Written by Serie McDougal III
In Ebonics, the word son can have multiple meanings. It can refer to a friend, someone who a speaker does not know, and it can be used to talk down to someone or refer to dominating someone. However, the word can also be used as a verb to refer to the act of teaching another person. Put simply, the meaning of the word son in Ebonics can change radically depending on the context in which it is used. A recent article written by Jay-Paul Hinds (2018) asserts that sonship is a lifelong experience that can help men to overcome feelings of inadequacy that come from troubled relationships with their fathers. Hinds’ (2018) primary argument is that sonship should not be viewed negatively for men, and that they should be allowed to search for male figures and assume the role of son even in adulthood. For Hinds, the desire to be another man’s sons should be cultivated responsibly so that it is not associated with shame. Hines (2018) uses the examples of Martin Luther King Sr. and Martin Luther King, Jr. as examples of men who experienced strained relationships with their fathers and stood to benefit from being able to assume sonship as adults. A challenge in Hinds’ (2018) work is that he seems to imply that seeking a father figure outside of one’s biological father requires there to be some problems in the father-son relationship.
Looking at pre-colonial African family systems demonstrates that father was a designation that as not limited to biological fathers. In fact, manhood rites were guided by elders who boys were expected to treat as authority figures and look to for guidance. As men they were expected to look to these men for wisdom as elders. The need for what Hines (2018) refers to as sonship was anticipated by African cultures. However, these communities of lifelong fathers are necessary today because biological fathers may experience parental alcohol/drug abuse, teen pregnancy, parental incarceration, homelessness, domestic violence, physical illness, emotional instability, neglect/abandonment, poverty, and parental death (Smith, 2010). However, communities of fathers are not only necessary because of parental inadequacy but because they surround children with men who may serve as models and resources that no single father could provide alone. Hines (2018) argues for removing shame from the act of seeking sonship. A different conversation should involve removing suspicion from Black men who assume fatherly roles to young males who are not their biological sons.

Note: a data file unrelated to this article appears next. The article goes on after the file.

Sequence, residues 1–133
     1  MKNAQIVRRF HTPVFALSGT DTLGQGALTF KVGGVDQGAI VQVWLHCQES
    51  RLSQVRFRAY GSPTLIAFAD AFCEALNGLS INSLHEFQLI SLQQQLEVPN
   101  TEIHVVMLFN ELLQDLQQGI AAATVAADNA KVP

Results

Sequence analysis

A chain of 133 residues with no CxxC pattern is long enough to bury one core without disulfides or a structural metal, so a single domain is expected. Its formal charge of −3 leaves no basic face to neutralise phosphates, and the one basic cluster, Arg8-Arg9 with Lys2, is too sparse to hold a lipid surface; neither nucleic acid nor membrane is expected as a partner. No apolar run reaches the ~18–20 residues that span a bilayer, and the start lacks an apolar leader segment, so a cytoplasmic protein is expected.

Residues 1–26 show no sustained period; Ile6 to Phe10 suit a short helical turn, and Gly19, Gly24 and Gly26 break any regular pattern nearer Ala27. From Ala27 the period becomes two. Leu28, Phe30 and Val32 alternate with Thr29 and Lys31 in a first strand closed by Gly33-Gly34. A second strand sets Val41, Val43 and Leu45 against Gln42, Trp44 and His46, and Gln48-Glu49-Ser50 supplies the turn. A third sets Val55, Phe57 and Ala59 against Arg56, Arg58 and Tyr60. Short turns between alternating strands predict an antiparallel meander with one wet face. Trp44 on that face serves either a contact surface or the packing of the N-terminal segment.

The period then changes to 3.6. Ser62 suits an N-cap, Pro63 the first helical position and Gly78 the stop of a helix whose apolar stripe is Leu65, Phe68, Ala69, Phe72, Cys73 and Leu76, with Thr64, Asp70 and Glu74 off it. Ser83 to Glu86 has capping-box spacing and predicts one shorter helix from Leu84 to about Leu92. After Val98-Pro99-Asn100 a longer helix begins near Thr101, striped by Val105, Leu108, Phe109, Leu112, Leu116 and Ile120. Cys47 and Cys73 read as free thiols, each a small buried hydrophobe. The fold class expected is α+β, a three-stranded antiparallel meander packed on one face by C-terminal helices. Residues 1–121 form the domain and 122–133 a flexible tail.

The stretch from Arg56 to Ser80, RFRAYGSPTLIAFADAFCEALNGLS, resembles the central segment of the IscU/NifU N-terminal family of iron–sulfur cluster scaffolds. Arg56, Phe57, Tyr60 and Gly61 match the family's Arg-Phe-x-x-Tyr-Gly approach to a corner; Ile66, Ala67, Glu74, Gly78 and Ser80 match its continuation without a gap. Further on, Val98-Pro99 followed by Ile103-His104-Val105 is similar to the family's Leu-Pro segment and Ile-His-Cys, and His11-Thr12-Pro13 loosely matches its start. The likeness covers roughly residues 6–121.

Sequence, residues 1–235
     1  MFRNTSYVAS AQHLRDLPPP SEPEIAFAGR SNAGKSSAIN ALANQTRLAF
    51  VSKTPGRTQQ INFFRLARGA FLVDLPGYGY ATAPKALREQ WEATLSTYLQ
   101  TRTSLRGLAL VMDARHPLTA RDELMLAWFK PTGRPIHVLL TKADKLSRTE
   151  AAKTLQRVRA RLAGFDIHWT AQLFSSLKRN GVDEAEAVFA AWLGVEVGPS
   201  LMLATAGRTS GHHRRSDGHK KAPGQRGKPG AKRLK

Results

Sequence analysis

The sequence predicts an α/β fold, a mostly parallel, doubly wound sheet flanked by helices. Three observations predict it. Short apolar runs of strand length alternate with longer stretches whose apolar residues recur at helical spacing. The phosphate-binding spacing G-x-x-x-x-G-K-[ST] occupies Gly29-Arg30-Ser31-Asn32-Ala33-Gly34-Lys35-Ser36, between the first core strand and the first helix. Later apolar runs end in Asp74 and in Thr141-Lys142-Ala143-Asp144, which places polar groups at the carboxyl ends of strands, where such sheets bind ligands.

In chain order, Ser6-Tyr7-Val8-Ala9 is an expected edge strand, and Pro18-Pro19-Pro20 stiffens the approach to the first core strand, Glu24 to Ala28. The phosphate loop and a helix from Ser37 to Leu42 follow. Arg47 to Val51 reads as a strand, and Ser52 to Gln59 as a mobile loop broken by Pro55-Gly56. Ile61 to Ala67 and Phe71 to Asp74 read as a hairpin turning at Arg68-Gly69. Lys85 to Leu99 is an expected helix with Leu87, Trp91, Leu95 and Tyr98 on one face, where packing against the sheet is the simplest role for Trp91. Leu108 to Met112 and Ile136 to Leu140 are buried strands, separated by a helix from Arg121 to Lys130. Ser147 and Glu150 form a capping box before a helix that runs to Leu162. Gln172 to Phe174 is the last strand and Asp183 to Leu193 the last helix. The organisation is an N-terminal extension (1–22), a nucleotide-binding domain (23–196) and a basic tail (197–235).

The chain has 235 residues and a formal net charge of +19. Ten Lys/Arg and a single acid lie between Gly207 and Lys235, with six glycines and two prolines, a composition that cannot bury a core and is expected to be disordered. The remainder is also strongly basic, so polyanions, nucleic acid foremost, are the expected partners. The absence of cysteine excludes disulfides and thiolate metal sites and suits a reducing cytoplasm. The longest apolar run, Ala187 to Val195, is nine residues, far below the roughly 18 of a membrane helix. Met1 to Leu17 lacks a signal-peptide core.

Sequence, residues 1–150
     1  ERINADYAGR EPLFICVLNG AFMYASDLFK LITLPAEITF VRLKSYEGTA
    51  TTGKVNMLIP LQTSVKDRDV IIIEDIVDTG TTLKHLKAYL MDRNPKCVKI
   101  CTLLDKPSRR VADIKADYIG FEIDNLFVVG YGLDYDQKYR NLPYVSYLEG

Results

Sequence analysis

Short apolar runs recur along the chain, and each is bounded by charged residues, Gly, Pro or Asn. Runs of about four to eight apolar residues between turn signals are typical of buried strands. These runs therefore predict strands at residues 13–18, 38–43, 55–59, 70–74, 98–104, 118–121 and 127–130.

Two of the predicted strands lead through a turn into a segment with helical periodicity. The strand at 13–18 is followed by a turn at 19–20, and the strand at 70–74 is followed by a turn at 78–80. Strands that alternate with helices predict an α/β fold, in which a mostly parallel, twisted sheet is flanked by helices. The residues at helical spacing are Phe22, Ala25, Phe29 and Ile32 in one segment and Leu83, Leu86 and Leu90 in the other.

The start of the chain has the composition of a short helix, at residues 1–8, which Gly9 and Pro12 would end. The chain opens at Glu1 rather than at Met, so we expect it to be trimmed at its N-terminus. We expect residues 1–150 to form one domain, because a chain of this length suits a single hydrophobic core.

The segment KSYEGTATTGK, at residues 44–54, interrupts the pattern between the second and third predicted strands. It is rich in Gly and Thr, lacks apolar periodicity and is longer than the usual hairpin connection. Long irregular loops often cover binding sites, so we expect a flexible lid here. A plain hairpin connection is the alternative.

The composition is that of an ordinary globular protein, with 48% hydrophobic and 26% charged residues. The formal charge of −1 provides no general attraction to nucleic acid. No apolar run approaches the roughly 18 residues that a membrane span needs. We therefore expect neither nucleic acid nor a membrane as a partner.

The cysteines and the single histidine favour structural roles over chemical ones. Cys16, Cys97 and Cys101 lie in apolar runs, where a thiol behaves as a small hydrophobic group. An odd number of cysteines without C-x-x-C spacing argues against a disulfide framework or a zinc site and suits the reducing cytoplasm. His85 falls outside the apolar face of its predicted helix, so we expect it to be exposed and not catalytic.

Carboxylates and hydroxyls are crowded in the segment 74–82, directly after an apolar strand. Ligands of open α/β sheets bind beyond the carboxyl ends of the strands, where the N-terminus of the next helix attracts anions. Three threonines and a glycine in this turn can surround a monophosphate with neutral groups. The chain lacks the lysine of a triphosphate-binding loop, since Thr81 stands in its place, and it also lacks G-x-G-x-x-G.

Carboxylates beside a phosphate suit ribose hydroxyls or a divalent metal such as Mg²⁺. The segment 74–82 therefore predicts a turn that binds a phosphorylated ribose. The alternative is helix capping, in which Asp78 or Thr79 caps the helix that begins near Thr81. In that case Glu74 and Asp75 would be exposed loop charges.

Hinds, J. (2018). The Son’s Fault: Martin Luther King, Jr.’s Search for and Recovery of Sonship. Journal Of Religion & Health, 57(2), 451-469.
Smith, A. (2010a). Standing in the “GAP”: The kinship care role of the invisible Black
grandfather. In R.L. Coles & C. Green (Eds.), The Myth of the Missing Black Father.
New York: Columbia University Press, pp. 170-191.